Teen Mom Bristol Palin Speaks Out Against Abstinence
The reality of teen pregnancy hit American hard this summer when news surfaced that John McCain’s running mate Alaska Gov. Sarah Palin’s unmarried high school daughter, Bristol Palin, was pregnant.
Was it possible that a young girl whose mother was such a firm proponent of abstinence-only education was actually pregnant?
As it turns out, it was and Americans quickly came up in arms to both defend and challenge the effectiveness of programs that preach abstinence.
Now, in her first interview since giving birth, Bristol Plain sits down with Greta Van Susteren of Fox News for her show “On the Record” and tells America that abstinence-only education is “not realistic at all.”
The 18-year-old who gave birth in late December to son Tripp says that having a child is not “glamorous at all” and “kids should just wait.” She has to balance school and homework while taking care of a baby that is up half the night and that’s just for starters.
“It’s not just the baby that’s hard. It’s just, like, I’m not living for myself anymore,” she says. “ It’s, like, for another person, so that’s different.”
Fortunately, Bristol has been blessed with a large family that is willing to help her out so she can stay in school and get an education and a partner who is a supportive and involved father. Other young girls are not as lucky.
In the long run though, Bristol does not regret her decision to become a mother, but realizes that her situation is not ideal.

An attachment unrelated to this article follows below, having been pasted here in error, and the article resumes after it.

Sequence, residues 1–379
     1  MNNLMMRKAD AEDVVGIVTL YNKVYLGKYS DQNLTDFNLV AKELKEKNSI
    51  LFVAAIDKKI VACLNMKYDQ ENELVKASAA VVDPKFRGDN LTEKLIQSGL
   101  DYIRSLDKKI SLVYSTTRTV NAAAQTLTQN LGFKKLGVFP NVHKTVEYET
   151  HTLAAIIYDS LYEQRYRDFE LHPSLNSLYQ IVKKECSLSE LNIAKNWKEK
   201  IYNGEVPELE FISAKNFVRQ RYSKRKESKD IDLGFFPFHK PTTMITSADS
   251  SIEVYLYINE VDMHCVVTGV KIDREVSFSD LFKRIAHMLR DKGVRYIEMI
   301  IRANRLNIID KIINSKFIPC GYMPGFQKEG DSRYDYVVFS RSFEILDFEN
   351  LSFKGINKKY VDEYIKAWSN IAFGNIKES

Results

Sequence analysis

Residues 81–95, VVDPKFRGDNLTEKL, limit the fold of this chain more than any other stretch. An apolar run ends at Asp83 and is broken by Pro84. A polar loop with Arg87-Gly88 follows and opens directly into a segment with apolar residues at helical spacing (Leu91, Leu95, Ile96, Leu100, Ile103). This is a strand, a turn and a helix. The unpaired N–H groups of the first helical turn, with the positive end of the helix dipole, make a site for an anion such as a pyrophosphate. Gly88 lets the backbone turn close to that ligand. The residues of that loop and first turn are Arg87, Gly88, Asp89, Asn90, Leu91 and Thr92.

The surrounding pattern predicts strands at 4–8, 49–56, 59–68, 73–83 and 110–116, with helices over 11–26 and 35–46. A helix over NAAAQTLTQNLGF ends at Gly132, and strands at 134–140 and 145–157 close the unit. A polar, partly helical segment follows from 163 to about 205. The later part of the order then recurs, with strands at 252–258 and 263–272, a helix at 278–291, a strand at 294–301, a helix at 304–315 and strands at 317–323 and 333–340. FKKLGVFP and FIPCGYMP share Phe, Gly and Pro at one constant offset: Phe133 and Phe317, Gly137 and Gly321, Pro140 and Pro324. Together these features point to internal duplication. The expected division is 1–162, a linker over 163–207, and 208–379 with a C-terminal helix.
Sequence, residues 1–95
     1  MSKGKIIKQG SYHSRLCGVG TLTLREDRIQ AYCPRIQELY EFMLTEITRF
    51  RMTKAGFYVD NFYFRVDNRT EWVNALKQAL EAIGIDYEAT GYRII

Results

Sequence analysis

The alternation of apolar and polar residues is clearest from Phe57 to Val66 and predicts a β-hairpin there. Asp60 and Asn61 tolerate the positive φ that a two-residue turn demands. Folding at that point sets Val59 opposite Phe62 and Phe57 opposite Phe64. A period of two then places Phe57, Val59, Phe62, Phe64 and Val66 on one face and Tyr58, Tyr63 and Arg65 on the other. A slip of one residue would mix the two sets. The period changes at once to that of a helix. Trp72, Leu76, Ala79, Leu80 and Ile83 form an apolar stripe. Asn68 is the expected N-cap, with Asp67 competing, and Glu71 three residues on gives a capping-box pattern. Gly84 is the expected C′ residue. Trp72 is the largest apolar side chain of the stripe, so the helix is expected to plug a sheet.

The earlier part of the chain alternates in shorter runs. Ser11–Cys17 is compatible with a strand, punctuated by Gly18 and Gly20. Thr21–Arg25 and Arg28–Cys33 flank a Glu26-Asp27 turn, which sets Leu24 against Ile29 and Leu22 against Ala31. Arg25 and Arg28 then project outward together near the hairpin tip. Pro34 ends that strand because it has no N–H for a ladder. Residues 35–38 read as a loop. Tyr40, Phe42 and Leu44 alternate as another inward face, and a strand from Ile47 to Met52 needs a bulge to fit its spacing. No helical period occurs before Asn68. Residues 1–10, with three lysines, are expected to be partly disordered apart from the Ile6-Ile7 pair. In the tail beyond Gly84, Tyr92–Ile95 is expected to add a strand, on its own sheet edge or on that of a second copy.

“Of course I wish it would have happened in 10 years so I could have a job and an education and be like prepared and have my own house and stuff … I don’t regret it at all I just wish it would have happened in 10 years rather than now.”
She hopes other teenagers will learn from her story and that by sharing it she will help prevent other teenagers from becoming pregnant. It was Bristol’s idea to do the interview with Fox (she didn’t tell her mother she was doing it until the day before) as she plans to be an advocate to prevent teen pregnancy and it looks like she won’t be following her mother’s platform of abstinence (“[it’s] not realistic at all.”) – halleluiah!
From the interview it is clear that Bristol is a teenager – a girl who should be hitting the books and finding another word for “like” instead of changing diapers and doing midnight feedings. Her story can serve as an example to other teens that having sex has consequences even in the best of circumstances (supportive family and partner, economic stability) and to politicians, like her mother, that abstinence-only education programs do not work and should not be funded.
At the close of the interview Gov. Sarah Palin made a surprise appearance during the interview and said,
“Let me put it this way I think Bristol is kind of an example of truly it can happen to anyone. Bristol [is a] great athlete, great student, great aspirations that she had for herself, plans that didn’t include a baby of course but it did happen to her and now again less than ideal circumstances but we make the most of it.”
It can and does happen to anyone which is exactly why abstinence-only programs are so dangerous. Bristol is proof that these programs don’t work whether you get the message at school, at home, or both.
The truth of the matter is that teen pregnancy rates in the United States are rising. Now more than ever, we need to equip teens with all the information necessary to protect themselves from unplanned pregnancies. That means teaching about abstinence and methods of contraception – condoms, birth control pills, IUDs, and emergency contraception. Without these tools young women will continue to become mothers far too soon.
If teens won’t listen to their parents or teachers, maybe they will start to listen to their peers, to teens like Bristol, who share their stories about the hardships that motherhood entails.
Photo by Anthony Easton (PinkMoose) used under a Creative Commons license.